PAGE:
The government of Pakistan announced today that it was increasing the price of fuel by 9.9 per cent. The last time they tried this was two months ago.
Why the price increase? Two reasons: (1) the price of oil and diesel is indeed going up, and (2) the IMF is in Islamabad today to “review Pakistan’s economic performance.”
That performance has been dismal. Inflation is running at about 15 per cent. Output is flat. Budget deficits are still way too high. The government is only able to pay its bills because of an $11 billion emergency loan from the IMF. Corruption is rampant. And tens of millions of Pakistanis continue to live in abject poverty.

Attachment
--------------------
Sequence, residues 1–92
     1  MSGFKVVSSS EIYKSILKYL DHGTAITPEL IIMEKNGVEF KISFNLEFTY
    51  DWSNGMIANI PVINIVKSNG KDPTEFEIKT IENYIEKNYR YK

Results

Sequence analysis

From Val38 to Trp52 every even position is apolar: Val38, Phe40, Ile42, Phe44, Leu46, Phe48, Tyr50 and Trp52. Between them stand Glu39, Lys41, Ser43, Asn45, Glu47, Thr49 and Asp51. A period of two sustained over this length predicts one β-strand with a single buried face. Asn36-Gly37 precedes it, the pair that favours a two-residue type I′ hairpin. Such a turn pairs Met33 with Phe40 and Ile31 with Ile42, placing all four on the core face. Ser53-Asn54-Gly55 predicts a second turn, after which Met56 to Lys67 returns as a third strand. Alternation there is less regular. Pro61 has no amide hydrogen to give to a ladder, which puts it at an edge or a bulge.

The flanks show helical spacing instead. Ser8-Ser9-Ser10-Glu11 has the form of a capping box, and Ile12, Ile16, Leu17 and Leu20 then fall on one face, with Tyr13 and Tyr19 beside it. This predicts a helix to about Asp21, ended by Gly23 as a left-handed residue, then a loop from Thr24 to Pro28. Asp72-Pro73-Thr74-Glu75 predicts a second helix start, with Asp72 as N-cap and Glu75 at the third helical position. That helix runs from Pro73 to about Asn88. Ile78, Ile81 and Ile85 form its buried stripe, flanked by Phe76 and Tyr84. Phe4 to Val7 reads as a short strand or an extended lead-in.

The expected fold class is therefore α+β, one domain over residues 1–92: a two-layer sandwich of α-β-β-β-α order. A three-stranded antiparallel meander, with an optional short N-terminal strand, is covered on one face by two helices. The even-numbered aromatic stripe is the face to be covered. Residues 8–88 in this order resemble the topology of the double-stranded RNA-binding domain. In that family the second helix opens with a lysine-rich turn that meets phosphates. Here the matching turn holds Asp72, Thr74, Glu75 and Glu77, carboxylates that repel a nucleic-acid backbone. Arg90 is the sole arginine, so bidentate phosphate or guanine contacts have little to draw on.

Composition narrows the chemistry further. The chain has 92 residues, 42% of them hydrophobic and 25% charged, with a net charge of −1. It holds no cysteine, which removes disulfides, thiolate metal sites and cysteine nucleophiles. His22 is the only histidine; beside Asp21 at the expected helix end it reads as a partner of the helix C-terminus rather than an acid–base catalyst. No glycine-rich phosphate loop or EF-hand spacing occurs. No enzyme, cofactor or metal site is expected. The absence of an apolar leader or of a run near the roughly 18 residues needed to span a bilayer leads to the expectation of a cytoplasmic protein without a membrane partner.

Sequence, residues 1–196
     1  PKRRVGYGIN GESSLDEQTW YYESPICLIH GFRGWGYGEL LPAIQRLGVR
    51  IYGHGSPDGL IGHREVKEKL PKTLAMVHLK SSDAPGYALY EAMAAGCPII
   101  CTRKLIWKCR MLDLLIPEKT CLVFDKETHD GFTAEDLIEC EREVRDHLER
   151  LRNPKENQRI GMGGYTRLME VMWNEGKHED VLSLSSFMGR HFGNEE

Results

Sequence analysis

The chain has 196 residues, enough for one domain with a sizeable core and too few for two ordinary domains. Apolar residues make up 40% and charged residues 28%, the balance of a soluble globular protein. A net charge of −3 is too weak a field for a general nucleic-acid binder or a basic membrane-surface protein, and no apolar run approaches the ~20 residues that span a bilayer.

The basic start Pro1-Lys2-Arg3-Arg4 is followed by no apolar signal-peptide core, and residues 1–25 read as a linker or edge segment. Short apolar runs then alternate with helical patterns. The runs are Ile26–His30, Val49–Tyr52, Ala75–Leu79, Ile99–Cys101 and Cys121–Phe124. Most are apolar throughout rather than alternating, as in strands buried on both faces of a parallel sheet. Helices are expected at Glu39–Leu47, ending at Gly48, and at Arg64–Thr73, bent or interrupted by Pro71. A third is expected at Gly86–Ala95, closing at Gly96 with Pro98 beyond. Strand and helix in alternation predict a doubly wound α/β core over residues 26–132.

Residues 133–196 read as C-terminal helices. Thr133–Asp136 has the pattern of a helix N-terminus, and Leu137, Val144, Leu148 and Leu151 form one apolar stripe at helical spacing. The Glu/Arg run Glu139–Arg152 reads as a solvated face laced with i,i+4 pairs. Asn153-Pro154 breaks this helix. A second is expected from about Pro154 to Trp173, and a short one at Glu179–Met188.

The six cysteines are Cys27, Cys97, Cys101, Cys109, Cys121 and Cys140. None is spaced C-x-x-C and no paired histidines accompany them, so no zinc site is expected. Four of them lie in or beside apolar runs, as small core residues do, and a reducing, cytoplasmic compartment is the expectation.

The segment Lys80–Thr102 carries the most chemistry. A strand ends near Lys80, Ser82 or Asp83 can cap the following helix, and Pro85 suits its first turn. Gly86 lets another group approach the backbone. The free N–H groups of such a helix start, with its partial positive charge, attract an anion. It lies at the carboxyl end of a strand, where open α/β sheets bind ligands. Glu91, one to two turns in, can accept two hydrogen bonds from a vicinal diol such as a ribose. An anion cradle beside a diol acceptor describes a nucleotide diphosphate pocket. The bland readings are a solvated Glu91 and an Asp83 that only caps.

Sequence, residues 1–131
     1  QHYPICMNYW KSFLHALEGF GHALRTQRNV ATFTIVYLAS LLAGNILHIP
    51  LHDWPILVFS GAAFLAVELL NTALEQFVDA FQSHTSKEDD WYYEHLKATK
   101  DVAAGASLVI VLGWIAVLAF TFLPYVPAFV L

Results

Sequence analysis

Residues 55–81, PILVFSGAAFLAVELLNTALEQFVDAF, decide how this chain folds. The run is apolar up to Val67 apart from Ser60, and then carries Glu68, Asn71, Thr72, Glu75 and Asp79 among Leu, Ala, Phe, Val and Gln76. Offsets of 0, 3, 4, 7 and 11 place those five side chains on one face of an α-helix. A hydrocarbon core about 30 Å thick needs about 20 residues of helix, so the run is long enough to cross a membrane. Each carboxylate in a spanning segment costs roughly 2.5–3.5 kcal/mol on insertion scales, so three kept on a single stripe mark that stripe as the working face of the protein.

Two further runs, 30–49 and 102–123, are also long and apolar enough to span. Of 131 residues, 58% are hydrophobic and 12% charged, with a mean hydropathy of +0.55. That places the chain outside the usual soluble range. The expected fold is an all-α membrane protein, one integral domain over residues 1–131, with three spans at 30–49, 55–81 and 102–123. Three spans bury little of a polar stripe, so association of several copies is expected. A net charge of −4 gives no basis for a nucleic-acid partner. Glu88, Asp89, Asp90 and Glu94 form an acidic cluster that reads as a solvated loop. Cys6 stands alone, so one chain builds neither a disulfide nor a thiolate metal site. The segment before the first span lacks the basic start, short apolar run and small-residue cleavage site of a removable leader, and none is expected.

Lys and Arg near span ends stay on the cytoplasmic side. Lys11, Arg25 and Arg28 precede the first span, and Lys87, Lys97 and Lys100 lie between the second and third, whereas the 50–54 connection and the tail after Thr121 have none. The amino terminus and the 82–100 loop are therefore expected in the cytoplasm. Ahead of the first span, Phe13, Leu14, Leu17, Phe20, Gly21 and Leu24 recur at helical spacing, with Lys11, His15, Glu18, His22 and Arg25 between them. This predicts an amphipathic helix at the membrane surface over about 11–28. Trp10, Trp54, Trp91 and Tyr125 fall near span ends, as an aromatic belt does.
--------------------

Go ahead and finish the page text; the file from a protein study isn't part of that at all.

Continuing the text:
The IMF is insisting that Pakistan get its act together, but that seems unlikely. The more likely outcome is that the coalition government collapses.
A previous price rise, in January, was reversed days after its implementation when an important coalition party left the ruling alliance to protest against the increase, destabilizing the government of Prime Minister Yusuf Raza Gilani.
That party, the southern-based Muttahida Quami Movement, also condemned the Tuesday price rise and has said it would announce a response if the government did not reverse the raise within three days.
“The decision to increase the prices … is completely anti-people, as it will result in price hike in other daily usage items which will affect the poor people,” the party said in a statement.
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